"A child's learning is the function more of the characteristics of his classmates than those of the teacher." James Coleman, 1972

Friday, December 16, 2005

Why Are Schools Losing School Nurses?

If you live in a state represented by the national average, USA Today reportsthat your public schools have half the number of nurses recommended by thefederal government and the CDC. Of course, poor schools in whatever state don't even come close to half the needed number.

So even though NCLB's testing frenzy makes the need for school nurses evenmore critical to handle the increased stress, anxiety, nosebleeds, and vomiting that come with test days, it is NCLB that is contributing to fewer and fewer nurses:
. . . many school administrators say they cannot afford to keep a nurse on staff, especially given the demands of the government's No Child Left Behind program, which links federal funding of schools to improved standardized test scores. "I don't like going without a school nurse," says Scott Johnson, district administrator for the Siren (Wis.) School District. "But I don't like cutting a teacher, either."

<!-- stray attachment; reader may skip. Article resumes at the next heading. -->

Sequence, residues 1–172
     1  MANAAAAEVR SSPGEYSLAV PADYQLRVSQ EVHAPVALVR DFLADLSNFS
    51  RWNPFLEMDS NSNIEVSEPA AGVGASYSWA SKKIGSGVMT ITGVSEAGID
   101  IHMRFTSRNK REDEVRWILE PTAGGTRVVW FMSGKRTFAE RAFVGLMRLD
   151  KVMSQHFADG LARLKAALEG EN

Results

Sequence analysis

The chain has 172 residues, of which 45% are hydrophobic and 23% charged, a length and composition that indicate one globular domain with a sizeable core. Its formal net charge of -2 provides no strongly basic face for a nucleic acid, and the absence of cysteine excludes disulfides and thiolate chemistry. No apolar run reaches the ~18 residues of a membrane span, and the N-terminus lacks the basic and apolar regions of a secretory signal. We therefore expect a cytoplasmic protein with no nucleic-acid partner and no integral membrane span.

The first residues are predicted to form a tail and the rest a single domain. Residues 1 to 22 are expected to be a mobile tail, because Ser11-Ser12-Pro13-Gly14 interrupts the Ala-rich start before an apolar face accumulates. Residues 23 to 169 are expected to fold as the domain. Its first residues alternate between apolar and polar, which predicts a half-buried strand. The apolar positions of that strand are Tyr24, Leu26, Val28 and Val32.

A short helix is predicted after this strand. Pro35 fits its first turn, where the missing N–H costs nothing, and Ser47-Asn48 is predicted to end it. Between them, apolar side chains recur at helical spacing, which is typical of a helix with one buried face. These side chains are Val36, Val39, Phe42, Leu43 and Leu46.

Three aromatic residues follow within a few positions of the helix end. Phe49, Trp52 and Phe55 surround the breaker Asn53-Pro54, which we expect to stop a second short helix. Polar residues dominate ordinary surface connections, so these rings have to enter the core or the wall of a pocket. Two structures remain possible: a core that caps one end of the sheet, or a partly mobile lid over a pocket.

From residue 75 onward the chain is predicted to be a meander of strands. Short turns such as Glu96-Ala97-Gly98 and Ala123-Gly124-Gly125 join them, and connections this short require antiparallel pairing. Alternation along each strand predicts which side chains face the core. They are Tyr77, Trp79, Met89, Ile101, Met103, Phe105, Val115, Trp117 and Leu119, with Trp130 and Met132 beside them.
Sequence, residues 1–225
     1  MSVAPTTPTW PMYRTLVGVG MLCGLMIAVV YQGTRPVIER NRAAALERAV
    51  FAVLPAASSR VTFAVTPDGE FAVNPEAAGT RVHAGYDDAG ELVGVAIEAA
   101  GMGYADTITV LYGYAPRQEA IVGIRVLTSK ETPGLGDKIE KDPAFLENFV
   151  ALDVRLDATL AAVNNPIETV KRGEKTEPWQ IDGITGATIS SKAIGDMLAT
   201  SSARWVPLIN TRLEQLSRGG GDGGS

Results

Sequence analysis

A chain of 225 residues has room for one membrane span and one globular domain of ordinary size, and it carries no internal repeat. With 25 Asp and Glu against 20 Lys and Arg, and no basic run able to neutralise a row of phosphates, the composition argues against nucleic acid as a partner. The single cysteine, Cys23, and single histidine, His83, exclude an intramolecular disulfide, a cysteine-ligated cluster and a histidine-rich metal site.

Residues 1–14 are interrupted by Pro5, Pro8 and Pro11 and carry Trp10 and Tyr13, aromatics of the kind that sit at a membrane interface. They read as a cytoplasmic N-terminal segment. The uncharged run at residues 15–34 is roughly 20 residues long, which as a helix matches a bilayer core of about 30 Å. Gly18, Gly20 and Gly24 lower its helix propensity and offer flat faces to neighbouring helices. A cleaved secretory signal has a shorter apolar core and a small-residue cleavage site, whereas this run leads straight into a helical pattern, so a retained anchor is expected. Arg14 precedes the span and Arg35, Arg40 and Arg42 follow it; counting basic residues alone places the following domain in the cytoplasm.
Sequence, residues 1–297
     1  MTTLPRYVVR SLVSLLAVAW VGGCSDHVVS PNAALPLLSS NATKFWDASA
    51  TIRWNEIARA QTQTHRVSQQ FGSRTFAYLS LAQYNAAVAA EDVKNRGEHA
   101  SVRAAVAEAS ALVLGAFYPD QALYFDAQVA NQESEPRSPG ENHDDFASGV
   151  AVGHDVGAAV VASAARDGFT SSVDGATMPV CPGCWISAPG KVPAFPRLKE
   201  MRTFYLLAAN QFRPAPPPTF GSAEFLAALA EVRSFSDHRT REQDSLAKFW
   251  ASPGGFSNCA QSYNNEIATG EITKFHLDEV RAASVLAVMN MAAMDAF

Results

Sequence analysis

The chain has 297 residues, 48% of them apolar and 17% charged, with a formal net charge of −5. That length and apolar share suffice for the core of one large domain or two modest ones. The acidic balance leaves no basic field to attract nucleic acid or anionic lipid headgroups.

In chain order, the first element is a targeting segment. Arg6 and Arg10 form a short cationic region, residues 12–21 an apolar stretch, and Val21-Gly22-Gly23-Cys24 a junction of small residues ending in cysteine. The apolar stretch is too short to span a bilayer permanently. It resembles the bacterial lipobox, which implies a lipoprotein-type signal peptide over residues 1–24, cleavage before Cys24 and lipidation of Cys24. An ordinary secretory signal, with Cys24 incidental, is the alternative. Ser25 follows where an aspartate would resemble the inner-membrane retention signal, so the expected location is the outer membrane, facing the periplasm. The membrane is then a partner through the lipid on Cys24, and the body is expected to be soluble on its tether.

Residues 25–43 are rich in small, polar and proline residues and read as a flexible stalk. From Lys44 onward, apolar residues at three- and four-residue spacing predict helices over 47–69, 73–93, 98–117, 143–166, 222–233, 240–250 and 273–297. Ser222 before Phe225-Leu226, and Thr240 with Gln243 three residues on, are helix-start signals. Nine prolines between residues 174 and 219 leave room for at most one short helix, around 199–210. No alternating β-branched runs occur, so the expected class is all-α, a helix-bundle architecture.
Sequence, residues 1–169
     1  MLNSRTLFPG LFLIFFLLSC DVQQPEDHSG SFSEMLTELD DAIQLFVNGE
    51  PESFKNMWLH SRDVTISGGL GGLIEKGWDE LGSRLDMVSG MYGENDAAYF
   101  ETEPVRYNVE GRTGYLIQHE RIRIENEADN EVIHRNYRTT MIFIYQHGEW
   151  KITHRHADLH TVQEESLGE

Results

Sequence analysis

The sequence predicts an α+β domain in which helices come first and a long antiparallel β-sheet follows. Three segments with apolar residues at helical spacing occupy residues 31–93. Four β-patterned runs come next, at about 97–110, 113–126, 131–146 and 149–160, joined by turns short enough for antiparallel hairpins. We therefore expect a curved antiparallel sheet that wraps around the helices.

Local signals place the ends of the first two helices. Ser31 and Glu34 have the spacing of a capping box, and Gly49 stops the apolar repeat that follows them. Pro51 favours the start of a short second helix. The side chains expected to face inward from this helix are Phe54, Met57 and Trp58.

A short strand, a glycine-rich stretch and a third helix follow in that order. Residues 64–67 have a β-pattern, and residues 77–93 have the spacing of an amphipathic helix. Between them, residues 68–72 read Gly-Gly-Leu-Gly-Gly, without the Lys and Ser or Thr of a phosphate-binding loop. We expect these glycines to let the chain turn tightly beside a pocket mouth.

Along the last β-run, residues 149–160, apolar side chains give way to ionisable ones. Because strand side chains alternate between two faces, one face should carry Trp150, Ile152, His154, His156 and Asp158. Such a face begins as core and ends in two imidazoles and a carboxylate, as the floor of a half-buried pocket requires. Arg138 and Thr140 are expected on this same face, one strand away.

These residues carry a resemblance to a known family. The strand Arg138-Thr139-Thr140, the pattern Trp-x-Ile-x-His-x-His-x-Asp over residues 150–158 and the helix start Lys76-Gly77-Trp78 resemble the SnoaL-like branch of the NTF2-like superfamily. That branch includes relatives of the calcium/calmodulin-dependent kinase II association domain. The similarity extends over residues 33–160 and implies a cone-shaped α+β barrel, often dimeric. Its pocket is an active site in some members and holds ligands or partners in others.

And sweetness-and-light Susan Aspey at ED curtly reminds us that, even though schools fall far short of federal recommendations, Ed has no plans to enforce the recommendations:
"State and local officials determine staffing needs," says Susan Aspey, press secretary for the department. "We don't dictate hiring decisions."
Of course, we know what ED is dictating. Pathetic.

1 comment:

  1. Glad you and USA Today brought up this topic. About half of my students have to stop off at the clinic after lunch to receive meds. Our school nurse sees 51 students in 25 minutes. Hospitals and private practices do not operate this way but many schools are forced to run their clinics that is contrary to what the medical community would say is safe.